This is a top grain, aniline-dyed leather that is brushed to remove the top surface of the hide and create a soft nap similar to velvet. Sometimes confused with suede, nubuck is not suede; it is an effect done to the grain side of the hide while suede is made from the less desirable flesh side. The brushing makes the leather very soft but nubuck is more absorbent, making it prone to stains.
Our lambskins average 5 to 7 feet and the sheepskins average 7 to 9 feet. The hides and skins are of mid-Eastern origin and all of them are tanned and beautifully finished in Italy.
Our lambskin is extraordinarily soft and thin leather, making it excellent for use in clothing and garments because it is soft, stretchy and drapes well. The texture is very much like cowhide but finer. Our leather is also beautifully suited for handbags, hats and accessories of all types.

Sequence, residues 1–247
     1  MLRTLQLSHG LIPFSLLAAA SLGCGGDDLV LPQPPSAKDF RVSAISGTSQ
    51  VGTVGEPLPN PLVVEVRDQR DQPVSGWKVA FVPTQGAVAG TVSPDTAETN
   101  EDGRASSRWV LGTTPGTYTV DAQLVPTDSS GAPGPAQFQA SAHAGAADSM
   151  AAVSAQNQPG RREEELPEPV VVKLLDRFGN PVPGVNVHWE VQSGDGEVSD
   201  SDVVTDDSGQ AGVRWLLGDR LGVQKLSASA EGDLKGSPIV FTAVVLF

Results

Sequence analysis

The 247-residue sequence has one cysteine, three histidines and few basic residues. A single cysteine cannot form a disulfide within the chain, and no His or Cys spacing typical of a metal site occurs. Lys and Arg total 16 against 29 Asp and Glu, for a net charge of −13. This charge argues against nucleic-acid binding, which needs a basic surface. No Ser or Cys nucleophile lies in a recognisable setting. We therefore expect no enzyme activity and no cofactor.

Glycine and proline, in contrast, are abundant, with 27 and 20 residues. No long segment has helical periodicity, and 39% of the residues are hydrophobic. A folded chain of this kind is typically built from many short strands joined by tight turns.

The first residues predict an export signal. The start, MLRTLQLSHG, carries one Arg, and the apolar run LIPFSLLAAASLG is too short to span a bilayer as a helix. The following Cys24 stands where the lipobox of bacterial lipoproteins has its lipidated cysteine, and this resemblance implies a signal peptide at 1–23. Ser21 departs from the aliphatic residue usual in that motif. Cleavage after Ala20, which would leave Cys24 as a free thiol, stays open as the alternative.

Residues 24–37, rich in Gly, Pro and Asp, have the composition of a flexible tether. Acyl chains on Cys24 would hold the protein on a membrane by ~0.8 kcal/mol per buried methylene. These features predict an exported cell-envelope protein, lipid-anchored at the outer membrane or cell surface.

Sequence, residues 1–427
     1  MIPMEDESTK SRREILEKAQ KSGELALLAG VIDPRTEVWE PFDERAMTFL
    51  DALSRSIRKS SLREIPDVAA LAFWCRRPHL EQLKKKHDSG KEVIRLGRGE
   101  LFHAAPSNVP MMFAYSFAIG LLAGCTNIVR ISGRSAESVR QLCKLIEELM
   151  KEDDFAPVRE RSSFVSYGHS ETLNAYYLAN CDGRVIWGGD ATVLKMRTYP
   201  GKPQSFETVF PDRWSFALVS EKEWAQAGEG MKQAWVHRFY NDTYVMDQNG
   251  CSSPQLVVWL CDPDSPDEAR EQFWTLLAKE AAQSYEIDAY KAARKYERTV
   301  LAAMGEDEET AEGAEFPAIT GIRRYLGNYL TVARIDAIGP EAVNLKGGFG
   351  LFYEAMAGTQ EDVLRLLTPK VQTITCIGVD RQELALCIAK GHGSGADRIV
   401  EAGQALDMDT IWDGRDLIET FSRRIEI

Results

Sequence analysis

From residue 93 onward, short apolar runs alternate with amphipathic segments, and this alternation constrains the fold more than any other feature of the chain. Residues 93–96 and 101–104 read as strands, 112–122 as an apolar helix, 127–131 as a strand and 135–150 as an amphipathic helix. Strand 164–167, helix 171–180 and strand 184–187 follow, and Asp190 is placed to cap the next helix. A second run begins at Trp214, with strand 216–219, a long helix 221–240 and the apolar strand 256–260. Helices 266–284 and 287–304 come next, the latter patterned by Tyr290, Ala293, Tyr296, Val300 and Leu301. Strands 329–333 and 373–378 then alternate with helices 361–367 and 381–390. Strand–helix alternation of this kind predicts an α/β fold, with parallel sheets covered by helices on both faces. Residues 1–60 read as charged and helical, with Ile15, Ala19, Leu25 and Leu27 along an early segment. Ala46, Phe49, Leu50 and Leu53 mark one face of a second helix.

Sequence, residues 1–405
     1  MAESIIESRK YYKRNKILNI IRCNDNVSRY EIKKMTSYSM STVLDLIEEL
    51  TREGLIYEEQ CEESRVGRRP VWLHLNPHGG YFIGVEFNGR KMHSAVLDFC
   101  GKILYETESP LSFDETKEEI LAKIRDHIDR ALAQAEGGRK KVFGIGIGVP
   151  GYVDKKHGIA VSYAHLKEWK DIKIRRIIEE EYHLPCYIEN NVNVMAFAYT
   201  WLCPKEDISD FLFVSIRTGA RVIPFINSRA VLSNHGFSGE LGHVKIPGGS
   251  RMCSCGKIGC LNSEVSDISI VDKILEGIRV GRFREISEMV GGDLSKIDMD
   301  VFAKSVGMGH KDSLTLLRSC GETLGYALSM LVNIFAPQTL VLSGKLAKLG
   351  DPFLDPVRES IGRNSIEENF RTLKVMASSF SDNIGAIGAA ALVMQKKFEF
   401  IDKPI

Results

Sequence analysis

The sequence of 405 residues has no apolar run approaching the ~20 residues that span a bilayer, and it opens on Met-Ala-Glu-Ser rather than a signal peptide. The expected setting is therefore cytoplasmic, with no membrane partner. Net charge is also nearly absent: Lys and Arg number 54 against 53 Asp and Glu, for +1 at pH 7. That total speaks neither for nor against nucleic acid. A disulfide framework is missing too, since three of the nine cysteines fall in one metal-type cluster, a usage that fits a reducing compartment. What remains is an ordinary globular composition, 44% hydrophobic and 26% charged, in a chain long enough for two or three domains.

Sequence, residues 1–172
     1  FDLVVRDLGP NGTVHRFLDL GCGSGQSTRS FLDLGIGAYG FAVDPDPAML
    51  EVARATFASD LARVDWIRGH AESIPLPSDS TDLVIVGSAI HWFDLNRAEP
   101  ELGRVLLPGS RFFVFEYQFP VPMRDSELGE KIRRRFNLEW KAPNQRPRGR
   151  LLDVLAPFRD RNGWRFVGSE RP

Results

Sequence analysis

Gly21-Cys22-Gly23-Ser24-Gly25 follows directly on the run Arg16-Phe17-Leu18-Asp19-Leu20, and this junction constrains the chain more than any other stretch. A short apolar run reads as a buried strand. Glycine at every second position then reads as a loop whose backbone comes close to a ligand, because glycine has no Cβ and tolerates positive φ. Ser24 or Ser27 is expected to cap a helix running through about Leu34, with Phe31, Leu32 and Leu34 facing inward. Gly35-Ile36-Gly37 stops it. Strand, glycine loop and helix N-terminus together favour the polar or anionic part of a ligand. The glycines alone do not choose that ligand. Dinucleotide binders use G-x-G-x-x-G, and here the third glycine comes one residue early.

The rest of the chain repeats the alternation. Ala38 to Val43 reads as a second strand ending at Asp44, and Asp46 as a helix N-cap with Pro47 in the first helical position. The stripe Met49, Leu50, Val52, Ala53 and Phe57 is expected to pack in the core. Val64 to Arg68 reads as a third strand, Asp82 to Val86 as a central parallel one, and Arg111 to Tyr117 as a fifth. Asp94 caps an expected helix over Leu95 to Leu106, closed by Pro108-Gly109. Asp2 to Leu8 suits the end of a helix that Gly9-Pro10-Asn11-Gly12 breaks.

Leather Types

In general, leather is sold in three types:

Full-Grain leather or Top-Grain leather refers to the upper section of a hide that contains the epidermis, or skin, layer. It refers to hides that have not been sanded, buffed or snuffed (otherwise known as “corrected”) in order to remove imperfections on the surface of the hide. Only the hair has been removed from the skin. The grain remains in its natural state and will have the best fiber strength and greater durability.

  • The natural grain also has natural breathability, resulting in greater comfort for clothing.
  • The natural Full-Grain surface will wear better than other leather. Rather than wearing out, it will develop a natural “patina” and grow more beautiful over time.
  • The finest leather furniture and footwear are made from Full-Grain leather.